Home is a few more streets away, 5 minutes at most. Dr Holly Berry’s office is only 15 minutes away, and I thought the walk would do me good. Yet the pinch of a blister forming on my right heel and the chafe of my thighs against my leggings has me wishing that I’d caught the bus. It would have cost me £3.95 but I’d have paid it. 
I’m sure Dad’s daughters wouldn’t be seen dead on public transport. That said, their lean bodies wouldn’t dare spoil their perfect skin with chafing or blisters. I don’t remember much of Dad, only that he moved to the other side of the world when I was a toddler. I used to jokingly say that if he’d gone any further he’d be on his way back. But over the years, I’ve realised that it wasn't just a physical separation that the distance created. On cue, the emptiness in my chest hollows to new depths and I stuff the second Double Decker into my mouth. 
Rounding the corner onto my street, the blister on my heel screams. Is therapy worth this? Maybe I’ll call tomorrow and cancel my next appointment. Maybe I’ll use the money I save from the sessions to book a one-way ticket to Australia. Maybe I’ll become besties with my half-sisters. Maybe I’ll learn how to take care of myself. Maybe I don’t have to be like this forever. Maybe. Maybe. Maybe. I plop my bags down as I reach my front door to the left of the shop entrance. It’s a bit of a contradiction, living above a lighting shop named Bright Ideas. I’m hardly full of them.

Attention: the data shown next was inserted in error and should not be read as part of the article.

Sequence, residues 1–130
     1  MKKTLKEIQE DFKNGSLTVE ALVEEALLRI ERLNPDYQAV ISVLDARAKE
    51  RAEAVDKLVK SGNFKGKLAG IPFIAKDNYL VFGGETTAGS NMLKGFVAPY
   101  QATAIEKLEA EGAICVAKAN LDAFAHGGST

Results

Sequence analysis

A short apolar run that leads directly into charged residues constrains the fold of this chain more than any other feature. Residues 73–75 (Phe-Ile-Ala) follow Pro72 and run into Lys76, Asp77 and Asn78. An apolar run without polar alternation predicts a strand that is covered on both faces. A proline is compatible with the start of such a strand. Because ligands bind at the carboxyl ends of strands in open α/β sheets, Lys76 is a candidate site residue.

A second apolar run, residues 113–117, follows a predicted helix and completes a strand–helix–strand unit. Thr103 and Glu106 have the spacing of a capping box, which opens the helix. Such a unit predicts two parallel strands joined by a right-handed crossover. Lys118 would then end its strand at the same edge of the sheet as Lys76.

Cookie darts around my feet as I step into the hallway, mostly barging into my ankles as the poor thing can’t see where she’s going properly.
“Hey Cooks, hey baby.” I simper and bend to stroke her. Her back arches into my palm and deep, rumbling purrs erupt from her bony body. Bizarrely, stroking Cooks is one of the things that makes me feel closest to Mum. Mum really loved her and knowing that her hands once felt the softness of Cookie’s fur makes my chest hurt if I think about it too much. 
I hang my canvas bag on a wall hook and slip off my ballet pumps to inspect the damage to my heel. It’s red raw and I wince as the air hits it. I slowly make my way upstairs, my hips and lower back screaming with each upward step after walking in the cold for so long. Cookie doesn’t understand though as she continues to weave through my legs. She’ll be the death of me, I’m sure of it.